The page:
Eight new low-carbon vehicle projects have been selected to run real-life trials supported by £25 million in Government funding, Science Minister Lord Drayson and Transport Secretary Lord Adonis announced today.
The project — the largest of its kind to date — is aimed at accelerating the availability of innovative low-carbon cars to consumers. The successful bids bring together consortia of car manufacturers, power companies, RDAs, councils and academic institutions to operate trials in eight locations across the UK.
“Low carbon doesn’t mean low performance,” Lord Drayson said. “Modern electric cars offer power and bucket loads of torque.”
He added, “Today’s announcement signals our intent to reduce our dependence on petrol- and diesel-based engines, and determine the best practical alternatives.”
“We want Britain to be at the forefront of ultra-low carbon automotive technology, blazing a trail for environmentally friendly transportation,” said Adonis. “Central to our plans is the stimulation of demand for low-carbon cars through projects like this to test the technology and give motorists the opportunity to feedback the information needed to make greener motoring a reality.”
Adonis continued, “Our aim is for ultra-low carbon vehicles to be an everyday feature of life on Britain’s roads in less than five years. This is a challenging target and there is still a long way to go. However, if we continuing to work closely with motorists and the industry with initiatives like the demonstrations project, I believe it is achievable.”
Some 340 vehicles will begin trials on UK roads within the next six to eighteen months; most will be electric, with a small number being plug-in petrol/electric hybrids. Many of the electric cars will be recharged via plug-ins around cities across Britain, as well as at home.
The winning consortia include:
- The West Midlands consortium (CABLED, short for Coventry and Birmingham Low Emission Demonstrators), which is made up of 13 organisations and led by Arup;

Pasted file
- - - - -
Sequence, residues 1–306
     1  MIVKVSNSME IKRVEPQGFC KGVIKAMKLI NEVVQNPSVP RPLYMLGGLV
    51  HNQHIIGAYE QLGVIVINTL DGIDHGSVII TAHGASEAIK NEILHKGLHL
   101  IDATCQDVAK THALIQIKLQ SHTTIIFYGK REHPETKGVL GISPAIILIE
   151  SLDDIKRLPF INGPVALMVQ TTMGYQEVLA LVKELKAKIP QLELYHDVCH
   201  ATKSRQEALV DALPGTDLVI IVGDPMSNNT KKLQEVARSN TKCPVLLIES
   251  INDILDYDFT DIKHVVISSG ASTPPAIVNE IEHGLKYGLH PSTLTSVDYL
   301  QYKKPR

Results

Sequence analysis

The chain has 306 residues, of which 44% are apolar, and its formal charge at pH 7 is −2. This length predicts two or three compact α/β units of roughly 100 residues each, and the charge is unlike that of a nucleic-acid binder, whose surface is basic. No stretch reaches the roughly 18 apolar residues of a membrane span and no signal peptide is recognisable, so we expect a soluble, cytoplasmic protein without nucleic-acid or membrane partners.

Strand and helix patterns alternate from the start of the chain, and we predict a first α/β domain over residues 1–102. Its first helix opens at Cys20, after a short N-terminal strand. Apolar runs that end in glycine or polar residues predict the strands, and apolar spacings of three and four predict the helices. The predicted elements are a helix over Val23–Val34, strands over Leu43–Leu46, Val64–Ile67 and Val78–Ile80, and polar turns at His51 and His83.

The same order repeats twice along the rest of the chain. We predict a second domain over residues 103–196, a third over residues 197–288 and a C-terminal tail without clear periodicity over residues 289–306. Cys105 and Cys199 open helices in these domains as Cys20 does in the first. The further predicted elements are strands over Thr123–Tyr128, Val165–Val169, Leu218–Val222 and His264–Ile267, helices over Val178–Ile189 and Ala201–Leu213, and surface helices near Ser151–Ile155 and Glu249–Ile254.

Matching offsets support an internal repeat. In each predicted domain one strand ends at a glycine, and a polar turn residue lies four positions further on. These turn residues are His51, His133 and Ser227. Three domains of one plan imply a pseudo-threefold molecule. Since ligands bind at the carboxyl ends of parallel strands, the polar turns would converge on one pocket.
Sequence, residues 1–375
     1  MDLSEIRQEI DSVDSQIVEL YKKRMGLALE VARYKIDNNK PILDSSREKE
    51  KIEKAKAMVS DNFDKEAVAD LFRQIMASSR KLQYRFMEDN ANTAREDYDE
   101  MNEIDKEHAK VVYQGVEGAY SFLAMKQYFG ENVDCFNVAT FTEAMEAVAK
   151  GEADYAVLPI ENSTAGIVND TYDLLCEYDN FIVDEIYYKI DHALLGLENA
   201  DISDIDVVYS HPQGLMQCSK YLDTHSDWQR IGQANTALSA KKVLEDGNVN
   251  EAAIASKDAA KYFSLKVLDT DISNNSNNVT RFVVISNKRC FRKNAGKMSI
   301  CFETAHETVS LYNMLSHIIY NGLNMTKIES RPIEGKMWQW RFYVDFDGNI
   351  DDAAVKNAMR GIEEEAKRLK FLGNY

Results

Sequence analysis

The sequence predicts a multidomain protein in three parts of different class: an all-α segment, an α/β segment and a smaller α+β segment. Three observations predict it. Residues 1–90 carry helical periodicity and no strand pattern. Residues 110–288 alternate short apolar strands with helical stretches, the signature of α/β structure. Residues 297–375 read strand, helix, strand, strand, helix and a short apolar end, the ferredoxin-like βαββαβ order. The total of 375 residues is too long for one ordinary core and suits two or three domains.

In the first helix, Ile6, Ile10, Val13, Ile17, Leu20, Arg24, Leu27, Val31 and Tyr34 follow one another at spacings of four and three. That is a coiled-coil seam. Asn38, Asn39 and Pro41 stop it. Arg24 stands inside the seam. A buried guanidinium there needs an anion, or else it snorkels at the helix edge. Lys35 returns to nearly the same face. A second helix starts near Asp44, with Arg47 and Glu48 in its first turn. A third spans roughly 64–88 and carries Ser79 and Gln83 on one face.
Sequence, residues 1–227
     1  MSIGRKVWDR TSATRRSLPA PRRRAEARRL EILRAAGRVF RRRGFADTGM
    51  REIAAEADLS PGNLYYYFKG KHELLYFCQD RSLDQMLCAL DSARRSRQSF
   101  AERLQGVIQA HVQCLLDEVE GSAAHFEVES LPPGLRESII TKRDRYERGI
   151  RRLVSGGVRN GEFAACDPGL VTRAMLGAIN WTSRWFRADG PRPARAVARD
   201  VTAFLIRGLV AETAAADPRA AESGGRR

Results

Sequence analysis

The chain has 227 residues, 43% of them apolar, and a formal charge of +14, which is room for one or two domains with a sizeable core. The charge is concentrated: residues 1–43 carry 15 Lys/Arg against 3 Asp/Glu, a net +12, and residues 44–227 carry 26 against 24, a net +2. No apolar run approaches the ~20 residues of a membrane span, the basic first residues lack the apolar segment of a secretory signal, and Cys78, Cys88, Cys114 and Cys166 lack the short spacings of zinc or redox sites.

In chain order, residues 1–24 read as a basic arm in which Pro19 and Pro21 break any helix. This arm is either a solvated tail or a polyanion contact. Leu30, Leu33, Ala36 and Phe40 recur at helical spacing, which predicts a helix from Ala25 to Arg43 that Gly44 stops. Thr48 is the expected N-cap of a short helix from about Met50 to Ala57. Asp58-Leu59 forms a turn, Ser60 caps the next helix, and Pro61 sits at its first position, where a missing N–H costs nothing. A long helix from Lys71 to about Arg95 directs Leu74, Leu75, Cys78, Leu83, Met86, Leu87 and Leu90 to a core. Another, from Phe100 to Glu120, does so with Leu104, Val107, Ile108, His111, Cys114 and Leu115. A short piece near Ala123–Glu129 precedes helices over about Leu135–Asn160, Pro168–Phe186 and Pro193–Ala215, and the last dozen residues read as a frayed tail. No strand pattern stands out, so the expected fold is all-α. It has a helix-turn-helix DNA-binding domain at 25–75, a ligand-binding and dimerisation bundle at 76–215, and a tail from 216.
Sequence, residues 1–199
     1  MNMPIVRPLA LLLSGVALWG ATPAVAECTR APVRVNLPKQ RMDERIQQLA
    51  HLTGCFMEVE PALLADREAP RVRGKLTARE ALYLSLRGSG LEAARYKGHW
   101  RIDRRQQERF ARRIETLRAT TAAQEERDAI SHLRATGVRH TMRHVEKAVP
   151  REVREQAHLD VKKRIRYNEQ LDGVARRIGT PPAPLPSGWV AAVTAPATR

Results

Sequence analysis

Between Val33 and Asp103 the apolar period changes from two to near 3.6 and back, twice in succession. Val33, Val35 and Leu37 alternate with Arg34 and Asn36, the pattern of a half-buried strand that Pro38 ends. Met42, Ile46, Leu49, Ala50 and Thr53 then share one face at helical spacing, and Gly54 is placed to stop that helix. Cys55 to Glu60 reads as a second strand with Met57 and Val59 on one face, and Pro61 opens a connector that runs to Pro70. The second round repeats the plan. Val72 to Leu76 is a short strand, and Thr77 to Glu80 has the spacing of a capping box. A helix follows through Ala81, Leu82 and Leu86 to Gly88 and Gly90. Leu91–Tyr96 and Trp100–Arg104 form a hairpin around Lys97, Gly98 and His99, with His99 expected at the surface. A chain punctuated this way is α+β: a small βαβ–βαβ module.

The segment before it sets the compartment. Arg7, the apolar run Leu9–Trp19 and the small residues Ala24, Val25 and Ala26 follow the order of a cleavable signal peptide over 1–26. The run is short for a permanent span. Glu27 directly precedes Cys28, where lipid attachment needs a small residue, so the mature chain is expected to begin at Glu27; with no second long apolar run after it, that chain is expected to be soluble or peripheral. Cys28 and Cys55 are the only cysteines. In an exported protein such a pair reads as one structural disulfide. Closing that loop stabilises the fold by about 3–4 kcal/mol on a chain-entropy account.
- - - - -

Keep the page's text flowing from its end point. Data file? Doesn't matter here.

- Electric Vehicle Accelerated Development in the North East (EVADINE), which consists of Nissan, Smith Electric Vehicles in partnership with LTI, AVID Vehicles, Liberty Electric Cars, Newcastle University and One North East;
- Ford Focus Battery Electric Vehicle, a consortium of Ford, Scottish and Southern Energy and Strathclyde University;
- London South East Bid, whose partners include EDF Energy, the Greater London Authority, Elektromotive and the Westminster City Council;
- MINI E Research Project, which includes the BMW Group, Scottish and Southern Energy and Oxford Brookes University’s Sustainable Vehicle Engineering Centre;
- The Allied Vehicles Project, whose partners are Allied Vehicles, the Glasgow City Council, ScottishPower, Axeon and Strathclyde University;
- PHV, a joint venture of Toyota and EDF Energy; and
- EEMS Accelerate, led by energy, climate change and data management consultancy AEA.
It is encouraging to see the government back sucha a scheme, that will undoubtedly do a great deal to help reduce carbon emissions through road transport. But for the total number of car journeys to be curtailed, more investment in public transport and in travel plan initiatives are needed. Long-term thinking is needed. Estimates suggest that a good workplace travel plan can cut car travel by between 10 and 30 per cent, at negligible cost.
Ifti Akbar, Envido
Comments are closed.